- From your Good Time Journal, pick something you’ve identified as really energizing you in your work and life (e.g., art class, giving feedback to colleagues, health-care access, keeping things running right) and mind-map this out.
- From your Good Time Journal, pick one of the experiences when you were in a state of flow, put the experience itself at the center of a mind map, and complete your mapping of your experience with this state (e.g., speaking in front of a large audience or brainstorming creative ideas).
- Now that you’ve done these three mind maps, we’re going to invent an interesting, though not necessarily practical, life alternative from each.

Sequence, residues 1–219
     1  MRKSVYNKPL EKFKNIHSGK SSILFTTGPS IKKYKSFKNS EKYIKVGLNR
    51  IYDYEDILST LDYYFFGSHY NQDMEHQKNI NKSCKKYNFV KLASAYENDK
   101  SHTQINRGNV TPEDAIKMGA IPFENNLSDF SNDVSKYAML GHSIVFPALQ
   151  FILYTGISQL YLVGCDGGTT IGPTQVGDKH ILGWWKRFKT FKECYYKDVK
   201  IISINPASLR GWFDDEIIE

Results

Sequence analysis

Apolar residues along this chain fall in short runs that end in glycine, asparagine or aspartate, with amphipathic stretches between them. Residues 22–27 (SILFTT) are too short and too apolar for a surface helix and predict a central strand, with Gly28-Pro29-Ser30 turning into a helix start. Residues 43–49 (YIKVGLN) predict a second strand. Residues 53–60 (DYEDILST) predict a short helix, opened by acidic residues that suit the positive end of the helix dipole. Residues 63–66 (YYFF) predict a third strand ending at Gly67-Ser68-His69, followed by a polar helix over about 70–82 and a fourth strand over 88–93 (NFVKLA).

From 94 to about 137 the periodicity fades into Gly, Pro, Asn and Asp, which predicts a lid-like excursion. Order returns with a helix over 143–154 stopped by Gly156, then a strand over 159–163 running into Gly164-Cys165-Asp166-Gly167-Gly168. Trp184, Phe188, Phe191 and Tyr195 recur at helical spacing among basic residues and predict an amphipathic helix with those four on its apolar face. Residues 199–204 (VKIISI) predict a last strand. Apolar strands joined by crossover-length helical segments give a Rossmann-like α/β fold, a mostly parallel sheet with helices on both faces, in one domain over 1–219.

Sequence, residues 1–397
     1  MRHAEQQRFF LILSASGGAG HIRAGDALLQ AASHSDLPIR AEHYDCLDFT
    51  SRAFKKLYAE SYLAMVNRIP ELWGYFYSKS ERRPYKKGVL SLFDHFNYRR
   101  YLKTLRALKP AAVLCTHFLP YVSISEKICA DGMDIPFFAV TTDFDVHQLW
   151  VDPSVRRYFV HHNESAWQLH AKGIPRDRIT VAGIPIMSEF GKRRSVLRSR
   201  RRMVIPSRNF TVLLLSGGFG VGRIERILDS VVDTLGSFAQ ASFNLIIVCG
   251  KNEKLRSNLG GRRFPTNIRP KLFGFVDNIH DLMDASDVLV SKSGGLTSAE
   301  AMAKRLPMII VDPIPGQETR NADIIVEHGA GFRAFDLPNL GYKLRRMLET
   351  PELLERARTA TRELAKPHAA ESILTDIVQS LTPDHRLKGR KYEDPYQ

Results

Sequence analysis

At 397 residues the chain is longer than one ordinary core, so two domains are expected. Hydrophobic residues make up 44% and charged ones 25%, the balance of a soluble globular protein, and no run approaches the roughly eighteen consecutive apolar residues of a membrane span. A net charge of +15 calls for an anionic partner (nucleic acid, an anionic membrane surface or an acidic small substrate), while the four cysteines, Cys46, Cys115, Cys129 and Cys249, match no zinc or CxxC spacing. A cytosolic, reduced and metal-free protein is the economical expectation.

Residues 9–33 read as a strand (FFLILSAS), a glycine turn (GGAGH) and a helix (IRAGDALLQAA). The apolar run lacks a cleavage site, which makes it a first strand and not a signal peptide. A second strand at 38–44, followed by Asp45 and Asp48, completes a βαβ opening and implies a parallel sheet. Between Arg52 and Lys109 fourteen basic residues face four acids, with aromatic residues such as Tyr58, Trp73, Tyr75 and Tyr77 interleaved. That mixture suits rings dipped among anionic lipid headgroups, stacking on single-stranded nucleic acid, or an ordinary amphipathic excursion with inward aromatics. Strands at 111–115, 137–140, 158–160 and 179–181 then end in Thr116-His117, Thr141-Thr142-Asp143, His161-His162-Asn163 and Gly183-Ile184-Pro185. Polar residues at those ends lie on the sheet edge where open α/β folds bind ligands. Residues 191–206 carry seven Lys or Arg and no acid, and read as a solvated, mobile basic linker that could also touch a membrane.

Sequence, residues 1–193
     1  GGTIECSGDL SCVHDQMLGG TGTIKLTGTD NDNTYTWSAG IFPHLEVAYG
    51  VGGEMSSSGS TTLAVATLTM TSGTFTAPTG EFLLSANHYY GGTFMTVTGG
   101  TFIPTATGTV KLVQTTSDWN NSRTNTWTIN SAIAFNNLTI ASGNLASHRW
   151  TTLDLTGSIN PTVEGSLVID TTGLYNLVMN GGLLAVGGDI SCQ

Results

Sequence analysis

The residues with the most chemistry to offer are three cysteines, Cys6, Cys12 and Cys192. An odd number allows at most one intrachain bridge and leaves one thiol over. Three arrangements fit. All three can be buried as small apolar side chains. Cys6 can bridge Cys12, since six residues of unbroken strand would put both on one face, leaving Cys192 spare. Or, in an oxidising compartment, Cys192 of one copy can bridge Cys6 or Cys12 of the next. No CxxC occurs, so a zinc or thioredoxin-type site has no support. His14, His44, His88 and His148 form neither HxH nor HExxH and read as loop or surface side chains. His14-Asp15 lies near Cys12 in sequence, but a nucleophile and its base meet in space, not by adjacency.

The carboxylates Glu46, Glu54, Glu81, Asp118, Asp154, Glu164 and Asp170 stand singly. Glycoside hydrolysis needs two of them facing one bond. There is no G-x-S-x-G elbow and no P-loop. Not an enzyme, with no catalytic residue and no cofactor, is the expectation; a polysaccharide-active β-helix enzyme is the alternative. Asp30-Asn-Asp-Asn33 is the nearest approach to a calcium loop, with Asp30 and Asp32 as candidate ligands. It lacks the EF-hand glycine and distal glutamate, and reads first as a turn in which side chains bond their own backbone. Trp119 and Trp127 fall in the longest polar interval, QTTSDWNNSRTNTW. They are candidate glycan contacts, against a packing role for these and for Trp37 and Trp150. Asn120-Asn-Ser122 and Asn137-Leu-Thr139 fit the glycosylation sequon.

- Look at the outer ring of one of your maps and pick three disparate items that catch your eye. You’ll know which ones they are intuitively—they should literally “jump out” at you.
- Now try to combine those three items into a possible job description that would be fun and interesting to you and would be helpful to someone else (again, it need not be practical or appeal to lots of people or employers).
- Name your role and draw a napkin sketch of it (a quick visual drawing of what it is), like the one shown here. For example, when Grant (who was languishing away at the car-rental agency) did this exercise based on when he was engaged in his life (hiking in redwoods, playing pickup basketball, helping his niece and nephew), he ended up drawing a sketch of himself leading a Pirate Surf Camp for children.
- Do this exercise three times—once for each of your mind maps—making sure that the three versions are different from one another.